Hello students. My name is Dr. Martina Shabram. And I will be your instructor for today's lesson. I'm genuinely excited to teach you these concepts. So let's get started.
So what are we learning today? This lesson is going to discuss topic sentences-- what they are, how they fit in a paragraph, and how to write and revise for the most effective possible topic sentence in any writing challenge.
If we're going to talk about topic sentences, we need to start by talking about paragraphs. So let's review the basic structure of a paragraph. You'll recall that a paragraph is one unit or chunk of writing that's meant to cover one main idea in full.
Usually, a paragraph is part of a larger piece of writing. And it is distinguished from other paragraphs by having either the first line indented or by having a blank line separating it from the paragraphs above or below.
And since a paragraph is meant to cover just one central idea, paragraphs are usually between three and seven sentences, which might be roughly 100 to 200 words or so. And a paragraph isn't just any sentences thrown together. There's a structure, which usually look something like this.
So we know that a topic sentence begins a paragraph. Well, what's a topic sentence, then? A topic sentence is a sentence that captures the main point or controlling idea of a paragraph. A controlling idea is just the main idea around which the whole paragraph revolves. It's the purpose of the paragraph. So every other sentence is designed to support and develop that main controlling idea.
Let's look at a paragraph and discuss the topic sentence. Here is our topic sentence. See how it announces what the paragraph is going to be about? It's almost like a title telling us what to expect from this paragraph.
For this reason, topic sentences are usually, though not always, the first sentence in a paragraph. And that way, readers are introduced to the paragraph through this topic sentence.
So now you know what a topic sentence is, and it's time to learn how to write a strong and effective one. There are a few guidelines to keep in mind when writing a topic sentence. You'll want to be sure that you introduce the main idea of the paragraph. And you'll want to avoid being either too broad or too narrow.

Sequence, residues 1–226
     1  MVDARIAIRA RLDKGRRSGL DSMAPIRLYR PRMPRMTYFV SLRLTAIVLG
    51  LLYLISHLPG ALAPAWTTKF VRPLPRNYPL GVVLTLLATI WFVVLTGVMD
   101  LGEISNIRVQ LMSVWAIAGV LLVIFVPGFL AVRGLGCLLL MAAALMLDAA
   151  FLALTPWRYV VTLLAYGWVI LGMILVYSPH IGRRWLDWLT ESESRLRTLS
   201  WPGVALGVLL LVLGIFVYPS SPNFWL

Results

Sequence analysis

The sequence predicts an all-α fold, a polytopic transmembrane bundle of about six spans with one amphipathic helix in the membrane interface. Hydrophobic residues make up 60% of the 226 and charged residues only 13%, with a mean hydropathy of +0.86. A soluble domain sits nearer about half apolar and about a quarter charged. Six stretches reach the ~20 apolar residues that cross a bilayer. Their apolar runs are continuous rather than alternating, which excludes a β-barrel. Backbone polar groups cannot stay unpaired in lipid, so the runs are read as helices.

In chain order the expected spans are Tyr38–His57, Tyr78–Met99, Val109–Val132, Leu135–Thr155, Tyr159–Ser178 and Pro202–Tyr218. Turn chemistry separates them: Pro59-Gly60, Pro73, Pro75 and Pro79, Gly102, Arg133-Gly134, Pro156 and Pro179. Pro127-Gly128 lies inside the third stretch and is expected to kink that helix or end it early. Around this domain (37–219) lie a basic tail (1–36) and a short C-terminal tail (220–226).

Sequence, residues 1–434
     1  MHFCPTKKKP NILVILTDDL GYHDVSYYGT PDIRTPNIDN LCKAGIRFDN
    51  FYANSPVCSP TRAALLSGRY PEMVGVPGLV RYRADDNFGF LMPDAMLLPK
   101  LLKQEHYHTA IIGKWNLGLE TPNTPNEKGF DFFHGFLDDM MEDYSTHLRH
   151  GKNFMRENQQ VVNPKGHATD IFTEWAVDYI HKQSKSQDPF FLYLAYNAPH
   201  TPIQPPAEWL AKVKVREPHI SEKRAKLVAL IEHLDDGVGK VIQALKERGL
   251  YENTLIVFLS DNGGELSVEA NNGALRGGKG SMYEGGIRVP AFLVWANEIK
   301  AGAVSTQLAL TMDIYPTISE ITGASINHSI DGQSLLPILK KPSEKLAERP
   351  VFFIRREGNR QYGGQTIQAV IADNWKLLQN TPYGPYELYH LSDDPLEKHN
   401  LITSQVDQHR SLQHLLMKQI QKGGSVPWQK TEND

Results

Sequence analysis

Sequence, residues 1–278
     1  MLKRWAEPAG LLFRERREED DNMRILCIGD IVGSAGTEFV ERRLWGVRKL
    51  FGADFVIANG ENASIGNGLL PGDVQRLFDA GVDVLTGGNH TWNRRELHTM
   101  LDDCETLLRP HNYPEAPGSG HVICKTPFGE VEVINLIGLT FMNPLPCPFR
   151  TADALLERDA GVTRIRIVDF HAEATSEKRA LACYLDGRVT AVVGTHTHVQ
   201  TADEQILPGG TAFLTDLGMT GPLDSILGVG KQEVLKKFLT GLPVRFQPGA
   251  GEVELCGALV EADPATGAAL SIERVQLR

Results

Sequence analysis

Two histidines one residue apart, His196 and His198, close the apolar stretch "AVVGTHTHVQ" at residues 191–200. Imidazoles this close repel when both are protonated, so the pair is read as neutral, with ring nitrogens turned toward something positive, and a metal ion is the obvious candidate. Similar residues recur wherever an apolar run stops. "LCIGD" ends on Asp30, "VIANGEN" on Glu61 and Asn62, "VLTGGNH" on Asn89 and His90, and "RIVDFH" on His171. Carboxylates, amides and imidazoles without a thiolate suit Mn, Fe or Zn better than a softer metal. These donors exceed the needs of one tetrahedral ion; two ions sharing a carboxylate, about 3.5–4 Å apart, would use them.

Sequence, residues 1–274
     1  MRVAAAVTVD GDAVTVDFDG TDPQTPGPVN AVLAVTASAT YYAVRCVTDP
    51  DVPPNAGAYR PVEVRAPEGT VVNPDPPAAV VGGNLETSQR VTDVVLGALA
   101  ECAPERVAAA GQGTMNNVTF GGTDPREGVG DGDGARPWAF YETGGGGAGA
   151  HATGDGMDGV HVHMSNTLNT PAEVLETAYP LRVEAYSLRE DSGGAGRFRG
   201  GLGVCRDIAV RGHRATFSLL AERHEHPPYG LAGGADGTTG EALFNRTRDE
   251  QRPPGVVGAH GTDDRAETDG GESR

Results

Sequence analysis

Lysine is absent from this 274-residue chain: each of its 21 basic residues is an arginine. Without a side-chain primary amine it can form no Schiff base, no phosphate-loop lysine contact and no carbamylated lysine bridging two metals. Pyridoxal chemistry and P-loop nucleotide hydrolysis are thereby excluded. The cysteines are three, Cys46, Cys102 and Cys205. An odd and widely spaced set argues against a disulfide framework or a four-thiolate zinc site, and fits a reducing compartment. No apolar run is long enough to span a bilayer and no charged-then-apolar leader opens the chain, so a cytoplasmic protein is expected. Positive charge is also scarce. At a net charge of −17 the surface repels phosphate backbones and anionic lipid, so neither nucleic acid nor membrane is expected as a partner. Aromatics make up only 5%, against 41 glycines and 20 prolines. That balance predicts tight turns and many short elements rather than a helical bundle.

If your topic sentence is too broad, your readers won't know what to expect from the paragraph. If it's too narrow, your readers will only know to expect one aspect of the paragraph. So try to focus in on the topic and what the supporting sentences will do. Then, summarize that as the topic sentence.
Let's look at an example paragraph and see what a topic sentence might look like. Here we have a topic sentence that's too narrow. See how it doesn't actually introduce the material that the paragraph covers? It's not effectively providing a summary of what this whole paragraph is about, just of one of the points.
Now here's a topic sentence that's too broad. Notice how big this idea is. Do you think we could sufficiently cover all of the material this introduces in a mere three to seven sentences? No way. And do we know specifically that this paragraph is going to be about dress codes? Nope.
So a topic sentence that's too broad will usually require several paragraphs to explain all of its material and thus should be narrowed down to address just the main point of this paragraph. So what should the topic sentence of this paragraph be? Here are three options. Which do you think is the best or most effective topic sentence?
Right, this one, it's too broad. More productive in what way? And this one? Too narrow. Community is just one of the points. But this one, well, that introduces the paragraph effectively by announcing the main point and fully addressing both elements of the content of this paragraph.
All right, now it's your turn. Here is a paragraph that's missing its topic sentence. Pause and read through, then decide what you think the main idea of this paragraph is. Press play when you have your answer.
So what do you think the central controlling idea of this paragraph is? Well, if I were to write a topic sentence announcing the controlling idea of this paragraph, I might write-- what do you think?
All right, now you've written a topic sentence. What an important first step. But sometimes, after you've written a topic sentence and then a full paragraph, you might realize that what you wrote in the paragraph has transformed in the process of writing and no longer matches that topic sentence. Perhaps you realize that you had a more narrow focus as you wrote.
Or, perhaps you changed your opinion in the process of writing. That isn't a bad thing. In fact, it's great because writing is a process, not a product. And it should include rethinking, revising, and rewriting. However, it does mean that you will need to revise your topic sentence so that it remains aligned with the content of your paragraph.
So let's practice revision, then. Here we have a revised paragraph about dinner parties. Obviously, the content of the paragraph is a little different than the original topic sentence suggests. So how should we revise this topic sentence?
Here are some options. Which do you like best? Option number 1 and 3, well, those are a little too broad. Likewise, numbers 2 and 4, they are too specific. They're not covering everything. Number 5, however, explains that this paragraph will specifically cover the issue of sharing the menu with dinner guests in order to make sure that they feel comfortable at your party. So I would choose number 5.
All right, what did we learn today? We discussed topic sentences in detail, starting with how they fit in the paragraph structure, then addressing strategies for writing effective topic sentences. And finally, practicing revising the topic sentences if and when the content of the paragraph shifts.
Well students, I hope you had as much fun as I did. Thank you.
A sentence that captures the main point or controlling idea of a paragraph.